WASHINGTON - Lawyers for Dominique Strauss-Kahn said the former IMF chief would not plead guilty to any charges in his sexual assault case and there had been no discussion with prosecutors of a plea bargain, The New York Times reported.
"Mr. Strauss-Kahn will not be pleading guilty to anything," defense attorney William Taylor told the Times late on Wednesday after a two-hour meeting earlier in the day with New York prosecutors.
Strauss-Kahn was forced to resign as head of the International Monetary Fund after being charged with sexually assaulting a 32-year-old hotel maid from Guinea in his room in a Manhattan hotel.
But revelations that the accuser had lied about being raped in Guinea in a US asylum request and changed details of her story about what she did after the incident in Strauss-Kahn's hotel suite undermined her credibility and left prosecutors struggling to make a case.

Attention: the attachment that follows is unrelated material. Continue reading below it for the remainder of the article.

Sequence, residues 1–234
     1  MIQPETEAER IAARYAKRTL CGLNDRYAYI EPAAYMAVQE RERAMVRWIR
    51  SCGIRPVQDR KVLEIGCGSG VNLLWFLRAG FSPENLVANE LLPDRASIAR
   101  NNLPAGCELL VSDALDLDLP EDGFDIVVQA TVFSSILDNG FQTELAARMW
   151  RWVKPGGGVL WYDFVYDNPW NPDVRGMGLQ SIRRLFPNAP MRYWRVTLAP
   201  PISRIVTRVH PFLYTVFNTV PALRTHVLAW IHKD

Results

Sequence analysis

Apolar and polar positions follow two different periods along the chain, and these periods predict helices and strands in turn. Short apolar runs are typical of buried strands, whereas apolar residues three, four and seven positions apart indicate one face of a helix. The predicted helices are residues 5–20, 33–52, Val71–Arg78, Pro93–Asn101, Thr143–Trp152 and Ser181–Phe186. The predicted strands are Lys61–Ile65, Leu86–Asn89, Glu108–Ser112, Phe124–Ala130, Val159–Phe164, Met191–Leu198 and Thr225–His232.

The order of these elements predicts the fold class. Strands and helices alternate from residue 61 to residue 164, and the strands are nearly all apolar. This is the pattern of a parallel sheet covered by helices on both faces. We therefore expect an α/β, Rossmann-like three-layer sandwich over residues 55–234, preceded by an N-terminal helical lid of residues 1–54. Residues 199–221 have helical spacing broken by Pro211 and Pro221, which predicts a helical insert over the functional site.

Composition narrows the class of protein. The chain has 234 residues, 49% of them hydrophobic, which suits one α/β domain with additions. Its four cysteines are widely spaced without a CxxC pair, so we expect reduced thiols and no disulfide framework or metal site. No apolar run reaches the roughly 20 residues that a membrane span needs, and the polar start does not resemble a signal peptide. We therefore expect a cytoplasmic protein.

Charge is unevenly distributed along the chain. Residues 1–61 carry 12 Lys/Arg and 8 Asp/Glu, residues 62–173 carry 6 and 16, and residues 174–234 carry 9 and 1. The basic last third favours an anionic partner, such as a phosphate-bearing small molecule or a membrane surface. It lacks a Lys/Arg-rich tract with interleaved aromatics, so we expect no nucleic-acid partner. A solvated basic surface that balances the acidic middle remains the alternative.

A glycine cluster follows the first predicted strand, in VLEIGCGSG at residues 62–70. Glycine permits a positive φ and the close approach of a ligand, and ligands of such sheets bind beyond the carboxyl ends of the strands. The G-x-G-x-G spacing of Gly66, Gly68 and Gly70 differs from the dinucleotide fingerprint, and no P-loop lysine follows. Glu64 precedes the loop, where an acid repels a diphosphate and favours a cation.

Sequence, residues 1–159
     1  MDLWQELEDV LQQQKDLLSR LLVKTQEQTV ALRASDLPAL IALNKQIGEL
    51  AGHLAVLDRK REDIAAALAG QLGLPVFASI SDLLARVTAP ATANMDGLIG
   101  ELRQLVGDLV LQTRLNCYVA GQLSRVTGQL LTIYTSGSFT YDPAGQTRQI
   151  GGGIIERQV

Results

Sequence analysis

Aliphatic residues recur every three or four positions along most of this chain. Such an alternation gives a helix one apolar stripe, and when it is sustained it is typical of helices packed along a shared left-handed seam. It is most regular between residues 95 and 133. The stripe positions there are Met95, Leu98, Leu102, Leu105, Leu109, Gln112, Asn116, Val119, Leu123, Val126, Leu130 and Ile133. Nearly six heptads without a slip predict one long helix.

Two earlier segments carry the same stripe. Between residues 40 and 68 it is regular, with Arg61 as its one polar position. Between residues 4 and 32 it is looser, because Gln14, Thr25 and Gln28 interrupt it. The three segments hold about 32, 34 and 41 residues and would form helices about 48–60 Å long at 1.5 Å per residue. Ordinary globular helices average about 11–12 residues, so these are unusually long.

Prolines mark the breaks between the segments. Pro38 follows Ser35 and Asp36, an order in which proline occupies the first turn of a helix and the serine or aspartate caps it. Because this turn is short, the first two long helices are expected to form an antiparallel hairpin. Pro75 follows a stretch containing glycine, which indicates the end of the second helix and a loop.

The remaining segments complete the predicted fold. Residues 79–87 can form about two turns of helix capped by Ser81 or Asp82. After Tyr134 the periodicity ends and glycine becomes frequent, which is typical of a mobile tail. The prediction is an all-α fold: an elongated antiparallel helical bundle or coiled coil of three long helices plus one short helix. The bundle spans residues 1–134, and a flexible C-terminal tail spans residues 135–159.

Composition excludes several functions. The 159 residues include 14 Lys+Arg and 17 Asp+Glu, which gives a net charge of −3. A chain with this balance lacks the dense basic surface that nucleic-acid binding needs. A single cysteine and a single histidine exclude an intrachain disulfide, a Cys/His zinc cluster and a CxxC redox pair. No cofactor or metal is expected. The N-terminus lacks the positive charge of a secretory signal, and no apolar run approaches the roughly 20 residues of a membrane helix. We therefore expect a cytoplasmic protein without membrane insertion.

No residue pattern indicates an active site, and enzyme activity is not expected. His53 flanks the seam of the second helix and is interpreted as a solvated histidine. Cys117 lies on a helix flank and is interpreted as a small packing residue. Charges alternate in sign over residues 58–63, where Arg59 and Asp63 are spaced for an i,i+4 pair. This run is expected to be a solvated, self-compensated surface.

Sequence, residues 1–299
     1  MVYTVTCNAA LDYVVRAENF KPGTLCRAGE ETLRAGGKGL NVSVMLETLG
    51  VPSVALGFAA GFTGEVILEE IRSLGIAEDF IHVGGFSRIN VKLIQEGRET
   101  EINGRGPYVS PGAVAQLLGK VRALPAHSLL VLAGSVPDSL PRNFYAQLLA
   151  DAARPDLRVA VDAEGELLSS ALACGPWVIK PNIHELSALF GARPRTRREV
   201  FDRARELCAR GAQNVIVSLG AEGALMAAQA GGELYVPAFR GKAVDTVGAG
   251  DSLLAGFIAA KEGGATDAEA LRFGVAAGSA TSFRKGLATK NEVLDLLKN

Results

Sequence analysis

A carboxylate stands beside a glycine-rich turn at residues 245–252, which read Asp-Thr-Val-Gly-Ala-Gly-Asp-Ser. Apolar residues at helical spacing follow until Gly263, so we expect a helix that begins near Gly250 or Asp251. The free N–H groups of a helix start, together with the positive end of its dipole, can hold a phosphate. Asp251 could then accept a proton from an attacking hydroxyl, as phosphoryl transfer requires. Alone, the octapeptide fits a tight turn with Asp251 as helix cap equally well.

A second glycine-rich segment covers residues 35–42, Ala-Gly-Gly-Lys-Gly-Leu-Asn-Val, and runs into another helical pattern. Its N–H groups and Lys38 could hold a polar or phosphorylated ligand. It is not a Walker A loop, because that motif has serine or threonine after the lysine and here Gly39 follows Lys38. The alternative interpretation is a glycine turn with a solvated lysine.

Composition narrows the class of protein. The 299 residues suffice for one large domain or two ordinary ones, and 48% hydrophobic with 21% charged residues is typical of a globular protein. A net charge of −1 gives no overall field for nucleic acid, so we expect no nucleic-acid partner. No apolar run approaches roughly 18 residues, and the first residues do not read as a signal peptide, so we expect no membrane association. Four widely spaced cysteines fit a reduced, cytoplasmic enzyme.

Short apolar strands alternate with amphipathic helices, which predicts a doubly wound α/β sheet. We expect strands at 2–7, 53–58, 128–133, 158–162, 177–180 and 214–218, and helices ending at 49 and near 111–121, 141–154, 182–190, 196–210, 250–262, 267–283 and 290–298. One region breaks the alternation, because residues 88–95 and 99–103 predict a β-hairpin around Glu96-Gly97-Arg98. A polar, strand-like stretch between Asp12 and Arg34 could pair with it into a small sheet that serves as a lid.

Prosecutors left in place sexual assault charges against Strauss-Kahn after Wednesday's meeting, pledging to further investigate a case that appeared to be falling apart.
Strauss-Kahn's next scheduled court appearance is on July 18, and speculation is building that prosecutors may have to drop the charges against him.
If convicted of the charges, which include sexual assault and attempted rape, Strauss-Kahn, once seen as a top contender for the French presidency, would face up to 25 years in prison.